Housing larger juveniles and adults indoors is possible especially during the winter. By using the “tortoise table” method, an 8×4 foot rectangular enclosure out of plywood can easily be constructed. This will house a trio of adult tortoises in the 4 to 6” range for part of the year but as always, going as big as possible is best. Aggressive animals must be watched closely. Even female Hermann’s tortoises can inflict wounds on one another especially if they are carrying eggs and fighting for a nesting area. Males may naturally engage in combat but be ready to separate them if it gets out of hand. It is part of the natural daily cycle for members of the Testudo hermanni species complex to encounter others of their own kind. While tortoises do not suffer from loneliness or experience emotions, it is stimulating and nothing less than natural for them to be subjected to other members of their species/subspecies. However, it is always wise to have extra enclosures ready to house aggressors to prevent serious damage to the other conspecifics.

Cypress mulch 4 to 6” deep works best for adults but you can also use the same combo that I described above for hatchlings. Large pieces of cork bark or drift wood make for excellent decor inside the enclosure. Larger Rubbermaid containers turned upside down with an entrance hole cut into it can be made into a “humid hide” for younger Hermann’s tortoises to help keep up with smooth shell growth. The container can be filled with moistened sphagnum moss. Change the moss frequently because it can become a breeding ground for harmful bacteria. For full-sized adults, I prefer to use straw inside any hide-box given to them. It is not as messy and allows the adults access to a cozy, dry refuge. A stainless steel water dish no more than 2” deep should be set into the cypress mulch so that the animals always have fresh water to drink and soak in. This must be changed frequently because the tortoises will defecate in it often. Even for larger T. hermanni, hydration is crucial for long-term success. This is especially evident with the western subspecies which seems to “dry out” and become dehydrated quicker than their eastern counterparts.

Hermann’s tortoises undoubtedly do best outdoors and they can be kept in this manner from at least April until October in most parts of the USA. A strong outdoor enclosure placed in a sunny location can be constructed out of pressure treated wood, stone wall or landscaping timbers. For a group of 2 males and 6 females, the unit should measure at least 12×8 feet with a height of 18”. A graciously planted outdoor pen situated on well-drained soil makes for a great captive environment for these tortoises. I recommend removing the existing soil especially if it does not drain well. Replacing it with a mix of clean top soil, pit gravel and sand makes for a nice, naturalistic terrain for the occupants. Be creative with the terrain and rather than leaving it flat, allow sloping areas, and uneven spots with higher ground. Although Hermann’s tortoises prefer a bit more humidity in their environment than most other Testudo, they should never be subjected to consistent damp situations. A variety of planted, edible weeds to promote natural grazing is suggested as well as an array of decorations like logs, rocks, slates, shrubs, African grasses and bushes, for exercise, hiding and burrowing.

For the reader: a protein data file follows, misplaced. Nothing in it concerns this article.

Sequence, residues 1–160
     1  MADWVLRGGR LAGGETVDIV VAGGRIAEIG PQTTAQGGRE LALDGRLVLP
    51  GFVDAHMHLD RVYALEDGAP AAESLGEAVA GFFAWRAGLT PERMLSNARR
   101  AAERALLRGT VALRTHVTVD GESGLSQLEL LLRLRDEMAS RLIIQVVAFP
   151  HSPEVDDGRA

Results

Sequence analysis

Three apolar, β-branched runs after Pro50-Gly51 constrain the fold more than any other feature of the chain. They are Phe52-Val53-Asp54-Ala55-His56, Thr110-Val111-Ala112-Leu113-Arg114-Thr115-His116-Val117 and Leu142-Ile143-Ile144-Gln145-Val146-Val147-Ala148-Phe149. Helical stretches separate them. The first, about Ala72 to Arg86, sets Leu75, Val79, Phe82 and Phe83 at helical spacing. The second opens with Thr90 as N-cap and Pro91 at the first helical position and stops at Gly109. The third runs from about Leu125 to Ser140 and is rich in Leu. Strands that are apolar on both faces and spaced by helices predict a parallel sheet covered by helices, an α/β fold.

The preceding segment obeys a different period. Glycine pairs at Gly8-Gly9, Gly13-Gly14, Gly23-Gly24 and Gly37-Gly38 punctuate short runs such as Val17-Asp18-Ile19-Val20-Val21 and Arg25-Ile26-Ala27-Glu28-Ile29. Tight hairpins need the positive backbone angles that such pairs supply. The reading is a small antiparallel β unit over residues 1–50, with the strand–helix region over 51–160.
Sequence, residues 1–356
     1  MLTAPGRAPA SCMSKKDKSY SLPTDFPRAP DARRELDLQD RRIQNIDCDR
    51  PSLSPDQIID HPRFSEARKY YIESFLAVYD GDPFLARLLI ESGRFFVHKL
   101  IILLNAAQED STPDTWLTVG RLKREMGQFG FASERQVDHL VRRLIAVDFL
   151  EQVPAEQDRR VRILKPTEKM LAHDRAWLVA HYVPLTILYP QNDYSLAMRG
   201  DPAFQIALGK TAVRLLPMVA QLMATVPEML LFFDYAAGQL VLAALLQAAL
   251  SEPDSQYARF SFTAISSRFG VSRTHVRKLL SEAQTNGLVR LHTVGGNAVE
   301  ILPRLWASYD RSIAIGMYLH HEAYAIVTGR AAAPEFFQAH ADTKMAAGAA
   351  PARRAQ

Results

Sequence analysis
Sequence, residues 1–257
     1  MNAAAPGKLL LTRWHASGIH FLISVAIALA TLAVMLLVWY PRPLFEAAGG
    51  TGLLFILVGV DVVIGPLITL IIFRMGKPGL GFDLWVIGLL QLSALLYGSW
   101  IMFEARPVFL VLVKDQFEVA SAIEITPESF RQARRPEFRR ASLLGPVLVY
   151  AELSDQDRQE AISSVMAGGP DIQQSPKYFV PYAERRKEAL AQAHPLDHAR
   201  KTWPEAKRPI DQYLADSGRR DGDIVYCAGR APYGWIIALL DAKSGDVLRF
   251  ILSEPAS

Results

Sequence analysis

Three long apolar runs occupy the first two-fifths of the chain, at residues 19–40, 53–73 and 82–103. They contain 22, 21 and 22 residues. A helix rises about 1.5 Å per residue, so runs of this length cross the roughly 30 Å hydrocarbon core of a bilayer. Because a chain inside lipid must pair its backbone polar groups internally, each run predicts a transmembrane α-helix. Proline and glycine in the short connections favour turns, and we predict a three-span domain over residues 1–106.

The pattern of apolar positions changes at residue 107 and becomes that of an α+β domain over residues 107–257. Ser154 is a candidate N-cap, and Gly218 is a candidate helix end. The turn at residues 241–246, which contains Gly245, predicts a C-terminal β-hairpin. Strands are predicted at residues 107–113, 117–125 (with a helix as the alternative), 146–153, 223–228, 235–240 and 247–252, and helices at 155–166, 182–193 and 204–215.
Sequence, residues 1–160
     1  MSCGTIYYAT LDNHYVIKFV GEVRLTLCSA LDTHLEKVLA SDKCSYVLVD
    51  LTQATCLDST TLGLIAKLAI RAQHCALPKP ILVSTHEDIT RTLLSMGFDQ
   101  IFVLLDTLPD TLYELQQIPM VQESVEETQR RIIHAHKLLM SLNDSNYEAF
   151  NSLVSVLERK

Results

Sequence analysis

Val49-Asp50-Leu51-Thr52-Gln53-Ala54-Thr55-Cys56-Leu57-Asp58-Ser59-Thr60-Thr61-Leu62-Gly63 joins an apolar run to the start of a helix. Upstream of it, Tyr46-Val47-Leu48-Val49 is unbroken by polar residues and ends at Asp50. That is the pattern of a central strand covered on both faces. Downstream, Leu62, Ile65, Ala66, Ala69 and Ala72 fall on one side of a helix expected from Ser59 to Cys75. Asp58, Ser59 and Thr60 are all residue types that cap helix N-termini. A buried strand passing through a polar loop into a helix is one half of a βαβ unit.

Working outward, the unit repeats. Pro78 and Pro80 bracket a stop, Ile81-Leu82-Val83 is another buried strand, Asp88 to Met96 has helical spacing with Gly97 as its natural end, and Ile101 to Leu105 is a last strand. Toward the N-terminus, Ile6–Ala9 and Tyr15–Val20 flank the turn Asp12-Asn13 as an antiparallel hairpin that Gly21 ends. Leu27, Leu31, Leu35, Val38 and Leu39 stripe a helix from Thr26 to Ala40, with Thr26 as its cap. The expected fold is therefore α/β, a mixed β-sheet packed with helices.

Some excellent plant choices are spirea, hosta, knockout rose, hibiscus, fountain grass, maiden grass, sedum, yarrow and Mediterranean heather. Make sure to keep tortoises well protected from predators such as raccoons and theft. A framed lid out of 2×3’s equipped with a thick wire mesh should cover most or all of the outdoor enclosure to keep invaders out. Set on hinges the lid or lids can easily be opened and closed. I recommend using locking latches to further prevent potential theft.

Just like indoors, they should always have access to fresh water. The 2” deep stainless steel dishes mentioned above work great outside too and can easily be cleaned. The adults will use them frequently to soak in and drink from but they will be soiled quickly. Mosquitoes will use them as a perfect breeding ground so be ready to change them often.

In areas where weather isn’t very reliable, I recommend using cold frame or mini greenhouses for the tortoises to enter. These can be ordered online and are relatively inexpensive. I situate them onto a base that is slightly sunken into the ground. An entrance is made for the animals and inside, a thick bed of straw is available. Testudo hermanni really make use of these greenhouses as they seek the warmth inside them on days when temperatures are not optimal. I have even noticed nesting females will choose to dig their nests and deposit their eggs inside them. A heat lamp with a 250 watt infrared bulb can be installed inside them for even cooler days/nights. I’ve also had a great deal of success when using small dog houses or hutches filled with straw as shelters. The tortoises seem to find them very comfortable and will choose them over the greenhouses on very hot days.

Lighting, Temperature, Humidity and Handling

Absolutely nothing beats natural sunlight especially when it comes to tortoises such as Hermann’s. These animals occur in “warm spots or islands” within their native range. In these places, sunlight is plentiful and strong thus providing the animals with adequate UVB. This is why it is so important to place the outdoor enclosure in the sunniest location of the yard. For indoor lighting, a 10.0 UVB emitting fluorescent bulb should be fixed across the top of the enclosure.